Opening Day Hunting Strategy | How To Be Successful Your First Night In The Stand
Have you ever known the guy who seemed to be tagged out almost every year by mid October, if not opening day? How could he be so lucky? You put just as much work in during the off-season, so you should have the same success, right? Food plots, glassing fields, and even hanging your stands as early as spring to not alert the mature deer of your presence close to the hunting season; you bust your hump all summer long yet none of it seems to put a buck within bow range during the early archery season on a consistent basis. Maybe he knows something you don’t know, or maybe he really is just that lucky, but chances are, he’s learned from years of experience that early season archery has almost nothing to do with luck. Chances are, he’s discovered the secret to finding, patterning, and harvesting mature whitetails on opening day has everything to do with and patience.
You’ve heard everyone talk about strategy this and strategy that, but what is a hunting strategy to you? Maybe it involves the wind direction or a treestand that give you a great vantage point over an agricultural field. The truth is, your early season archery hunting should have very little to do what you do, and have everything to do with what your target buck is doing. It all starts when he sheds his velvet.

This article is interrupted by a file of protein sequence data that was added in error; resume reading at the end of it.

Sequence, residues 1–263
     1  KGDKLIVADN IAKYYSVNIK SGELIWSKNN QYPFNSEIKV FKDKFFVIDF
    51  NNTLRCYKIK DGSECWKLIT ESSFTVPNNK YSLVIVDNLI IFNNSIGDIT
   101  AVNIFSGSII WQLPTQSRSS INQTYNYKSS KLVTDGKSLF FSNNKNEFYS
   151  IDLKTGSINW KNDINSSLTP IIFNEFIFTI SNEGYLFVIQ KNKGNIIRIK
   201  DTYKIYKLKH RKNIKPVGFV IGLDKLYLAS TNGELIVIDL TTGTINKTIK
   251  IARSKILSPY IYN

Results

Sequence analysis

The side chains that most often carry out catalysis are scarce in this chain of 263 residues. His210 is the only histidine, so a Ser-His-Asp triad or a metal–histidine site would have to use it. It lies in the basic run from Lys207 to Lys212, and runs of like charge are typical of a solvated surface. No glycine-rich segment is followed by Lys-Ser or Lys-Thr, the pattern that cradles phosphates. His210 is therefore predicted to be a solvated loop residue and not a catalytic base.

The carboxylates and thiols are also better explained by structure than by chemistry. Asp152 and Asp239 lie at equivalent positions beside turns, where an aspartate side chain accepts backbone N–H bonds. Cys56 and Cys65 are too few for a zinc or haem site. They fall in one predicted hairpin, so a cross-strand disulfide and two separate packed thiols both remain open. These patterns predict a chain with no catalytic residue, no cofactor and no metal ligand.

Usually within a few weeks of early to mid-September depending on where you live, the bachelor groups have divided and begin to shed their velvet and transition from their summer range to their fall range. The fall range differs from the summer range in that it usually contains dense cover and a multitude of native foods, especially acorns. By understanding that the range you will be hunting that deer is different from the fields you watched him in during the mid summer months, you can begin to search in approximately the right area.
To find a buck in his fall range, locate the food sources available in the area and use trail cameras in the area to try to gain an understanding of the general areas he uses to travel and feed. Avoid bedding areas this early in the season as you’re bound to do more harm than good. If you are fortunate to pick him up with the trail cams either at a food or water source or using a general travel route, concentrate you trail cameras in that area and use some form of food attractant like a small green food plot in front of your camera for the best result, if allowed by the state you hunt. Pull your cameras with caution, being careful not to leave scent in the area. Assess the images and choose a point of ambush that gives you a wind advantage and good entry and exit routes.
Depending on how early an early season archery pattern emerges, runnin’ and gunnin’ may be your only option for getting close. Use a treestand that is easy to carry and hang while also handling all of your other gear. Wait for the right wind and weather conditions and, when the time is right, slip in undetected and wait for the buck you’ve worked so hard for, to come to you. If you are patient and develop the right hunting strategy to fit the deer movement you’ve observed, you can be successful in finding, patterning, and harvesting mature whitetails during early season archery.